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CAIN releases music video shot in Hartselle

The words and music of Yes He Can rang through The Venue at Warehouse Coffee, while the Cain siblings and nearly a hundred volunteers dressed in white choir robes shot the group’s music video in the Christian band’s hometown.  

Other scenes in the music video were shot in the coffeehouse itself, where Madison, Taylor and Logan Cain made coffee and are seen giving advice to a couple on a date. Later the musicians are seen on scooters in their childhood neighborhood on Bethel Road, attending a wedding, encouraging a young boy playing basketball and cheering on their dad Charley while he undergoes physical therapy at Encore Rehab.  

Madison said the entire day was a “blast,” adding she is thankful for their Hartselle roots and the helpful community the siblings came from.  

If we shot this music video in LA, it would have cost 15 times what it cost to shoot here,” she said. “Just to get clearance to film, during (the pandemic), we were thinking ‘Who in the world would let us use their facilities?’ so it felt like we were a little bit up against it.” 

Madison said she thought of Warehouse Coffee immediately because I thought if someone knew us, they might be willing to help, versus just a random person in Nashville or a bigger city,” she said. “Then, amazingly enough, Warehouse has this whole venue side attached to itWe were able to shoot the coffee scene, the wedding band and reception scene all in that same location.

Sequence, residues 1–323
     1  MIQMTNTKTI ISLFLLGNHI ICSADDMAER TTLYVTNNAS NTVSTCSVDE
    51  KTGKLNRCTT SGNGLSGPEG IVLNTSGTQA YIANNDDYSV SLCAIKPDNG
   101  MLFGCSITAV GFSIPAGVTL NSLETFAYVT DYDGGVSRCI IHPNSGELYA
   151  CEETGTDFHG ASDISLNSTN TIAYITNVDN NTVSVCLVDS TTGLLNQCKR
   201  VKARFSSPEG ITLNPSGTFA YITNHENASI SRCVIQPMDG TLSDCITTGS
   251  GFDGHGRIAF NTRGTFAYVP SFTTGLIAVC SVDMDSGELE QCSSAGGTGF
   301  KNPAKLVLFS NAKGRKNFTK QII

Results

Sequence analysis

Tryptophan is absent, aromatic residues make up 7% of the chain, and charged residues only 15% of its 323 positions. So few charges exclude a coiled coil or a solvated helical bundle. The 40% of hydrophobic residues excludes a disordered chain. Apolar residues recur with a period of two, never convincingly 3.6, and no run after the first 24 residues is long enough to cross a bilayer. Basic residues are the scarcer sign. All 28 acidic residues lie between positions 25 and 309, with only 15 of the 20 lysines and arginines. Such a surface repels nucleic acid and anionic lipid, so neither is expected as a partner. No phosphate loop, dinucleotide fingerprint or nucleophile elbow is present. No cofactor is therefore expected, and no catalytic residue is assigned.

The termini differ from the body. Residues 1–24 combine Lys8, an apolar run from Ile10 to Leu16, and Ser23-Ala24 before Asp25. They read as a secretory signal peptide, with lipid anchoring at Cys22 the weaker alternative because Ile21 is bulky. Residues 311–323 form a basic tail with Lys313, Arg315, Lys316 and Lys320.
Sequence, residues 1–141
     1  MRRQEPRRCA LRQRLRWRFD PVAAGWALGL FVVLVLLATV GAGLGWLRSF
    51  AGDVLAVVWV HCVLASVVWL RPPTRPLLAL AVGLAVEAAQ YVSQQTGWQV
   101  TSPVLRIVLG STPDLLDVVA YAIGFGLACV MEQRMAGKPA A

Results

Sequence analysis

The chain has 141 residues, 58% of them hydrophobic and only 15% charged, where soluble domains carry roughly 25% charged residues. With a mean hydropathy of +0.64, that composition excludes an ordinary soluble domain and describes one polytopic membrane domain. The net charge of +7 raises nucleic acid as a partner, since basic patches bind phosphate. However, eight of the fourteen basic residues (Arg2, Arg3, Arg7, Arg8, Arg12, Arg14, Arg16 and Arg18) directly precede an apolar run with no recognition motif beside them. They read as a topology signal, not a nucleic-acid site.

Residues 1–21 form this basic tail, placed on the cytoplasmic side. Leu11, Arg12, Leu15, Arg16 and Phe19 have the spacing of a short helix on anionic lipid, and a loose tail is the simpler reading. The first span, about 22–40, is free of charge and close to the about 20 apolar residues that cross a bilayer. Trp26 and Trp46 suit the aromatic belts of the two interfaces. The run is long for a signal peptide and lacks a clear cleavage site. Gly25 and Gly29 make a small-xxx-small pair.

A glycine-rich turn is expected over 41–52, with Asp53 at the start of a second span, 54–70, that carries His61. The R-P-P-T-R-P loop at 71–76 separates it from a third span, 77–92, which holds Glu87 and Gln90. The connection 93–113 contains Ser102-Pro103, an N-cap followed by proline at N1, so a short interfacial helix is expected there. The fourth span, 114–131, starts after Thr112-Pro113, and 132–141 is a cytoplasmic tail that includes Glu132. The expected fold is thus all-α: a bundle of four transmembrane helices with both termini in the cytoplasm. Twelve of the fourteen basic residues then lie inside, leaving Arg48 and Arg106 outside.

I don’t know if we would have been able to do it if not for shooting it here because everything takes so long, and we were trying to shoot it in one day.”  

The music video was shot by Create Nash’s Austin Peckham, who is a church friend of the Cain siblings. Madison said he was instrumental in developing the story line of the video that was first conceptualized when the trio were home in December of this past year.   

“The whole thing came to mind when we were driving around town when we were home for Christmas,” Madison said. “Taylor and I thought it would make a great video if we could get a bunch of people in choir robes cheering people on in their daily lives.” 

The video, Madison added, would not have been the same without the help of the community.  

“There was one woman, Phyllis Owens, whose daughter was one of the members of the choir, and she came back and spent hours cleaning the venue after all the confetti was flying everywhere,” Madison said. “You wouldn’t receive that kind of treatment anywhere else. 

It’s a hometown video for sure.” 

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